> cd C:\WINDOWS
C:\WINDOWS> senable.exe install

Windows 7 came with a utility called mklink that creates symbolic links like ln for *nix type systems. Once again vagrant-windows supports Windows 7 and up so it will be looking for the mklink to create that synced folder. In order to fake mklink for vagrant-window we need to do the following steps.

Open up notepad and paste the following:

@echo off

SET DIR=%~dp0%
@powershell -NoProfile -ExecutionPolicy unrestricted -Command "& '%DIR%Symlink.ps1' %*"

pushd "%DIR%"
"%DIR%senable.exe" start
popd

Save this file as mklink.cmd to C:\WINDOWS

Open up notpad and paste the following:

param (
 [string]$symlinktype,
 [string]$link,
 [string]$target
)

$scriptpath = $MyInvocation.MyCommand.Path
$ScriptDir = Split-Path $scriptpath

$senable = Join-Path "$ScriptDir" senable.exe
$ln = Join-Path "$ScriptDir" ln.exe

pushd "$ScriptDir"
& cmd /c "$senable" install
popd
& cmd /c "$ln" -s "$target" "$link"

Save this file as Symlink.ps1 to C:\WINDOWS

The Vagrant File

Vagrant loads multiple Vagrantfiles read the following page to understand vagrant file load ordering, Vagrantfile Load Order. We can actually package a Vagrantfile with the box. Anything that is in the Vagrantfile that you package with the box does not need to be in the project directory Vagrantfile. Here’s the Vagrantfile we will be packing with the base box. (I created a XP folder inside my ~/Documents folder on my mac and put the Vagrantfile in it.)

Vagrant.configure("2") do |config|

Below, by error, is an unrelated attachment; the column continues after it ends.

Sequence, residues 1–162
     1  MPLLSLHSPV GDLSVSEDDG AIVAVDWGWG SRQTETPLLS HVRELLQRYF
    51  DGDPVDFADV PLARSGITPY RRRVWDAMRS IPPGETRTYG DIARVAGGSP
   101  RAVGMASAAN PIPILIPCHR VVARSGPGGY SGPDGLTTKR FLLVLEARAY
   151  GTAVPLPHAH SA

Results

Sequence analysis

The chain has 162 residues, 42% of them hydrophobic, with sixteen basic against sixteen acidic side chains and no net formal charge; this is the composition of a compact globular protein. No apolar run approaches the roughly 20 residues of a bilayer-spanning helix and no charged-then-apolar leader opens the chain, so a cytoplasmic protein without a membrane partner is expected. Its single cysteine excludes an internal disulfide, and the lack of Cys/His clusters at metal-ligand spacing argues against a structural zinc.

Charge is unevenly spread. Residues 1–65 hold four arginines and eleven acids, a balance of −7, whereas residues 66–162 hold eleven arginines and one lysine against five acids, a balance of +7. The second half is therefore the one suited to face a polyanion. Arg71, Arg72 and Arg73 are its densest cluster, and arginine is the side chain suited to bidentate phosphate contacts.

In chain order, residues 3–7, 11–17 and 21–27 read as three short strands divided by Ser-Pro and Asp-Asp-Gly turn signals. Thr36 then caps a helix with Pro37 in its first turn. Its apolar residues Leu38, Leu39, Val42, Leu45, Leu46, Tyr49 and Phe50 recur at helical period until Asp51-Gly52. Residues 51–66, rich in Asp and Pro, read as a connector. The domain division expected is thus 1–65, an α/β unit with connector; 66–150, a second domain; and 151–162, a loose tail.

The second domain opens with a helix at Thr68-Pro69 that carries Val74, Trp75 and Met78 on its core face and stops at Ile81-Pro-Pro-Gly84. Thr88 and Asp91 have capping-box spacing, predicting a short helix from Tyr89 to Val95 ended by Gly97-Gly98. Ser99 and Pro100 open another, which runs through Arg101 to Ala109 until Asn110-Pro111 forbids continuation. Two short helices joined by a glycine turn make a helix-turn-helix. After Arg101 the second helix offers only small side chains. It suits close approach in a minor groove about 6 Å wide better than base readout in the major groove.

# Configure base box parameters
  config.vm.box = "windowsxp"
  config.vm.box_url = "./windowsxp.box"
  config.vm.guest = :windows

  config.vm.boot_timeout = 600
  # Port forward WinRM and RDP
  config.vm.network :forwarded_port, guest: 3389, host: 3389
  config.vm.network :forwarded_port, guest: 5985, host: 5985, id: "winrm", auto_correct: true

  # Provider 
  config.vm.provider "virtualbox" do |v|
    v.gui =true
  end
end

Creating the vagrant box

Here’s the command to create our base xp box:

:~/Documents/XP$ vagrant package --base XP-BASE-BOX --output windowsxp.box --vagrantfile ./Vagrantfile

Breakdown

--base XP-BASE-BOX

The --base command takes an argument of VirtualBox machine name to package as a base box.

--output windowsxp.box

The --output command takes an argument to name you newly packaged box. If you don’t use the --output command it defaults to package.box.

--vagrantfile ./Vagrantfile

The --vagrantfile command will package a Vagrantfile with your new base box.

Conclusion

Creating vagrant boxes aren’t that hard to do, especially for operating systems that are still supported. The truth is we are unfortunately still using XP at work and using a vagrant box to test things is a lot quicker than imaging a machine. We use Puppet to manage all our desktops/laptops at work and having a way to test all our platforms using VirtualBox makes it so simple. In a future post I will discuss how we use this vagrant box.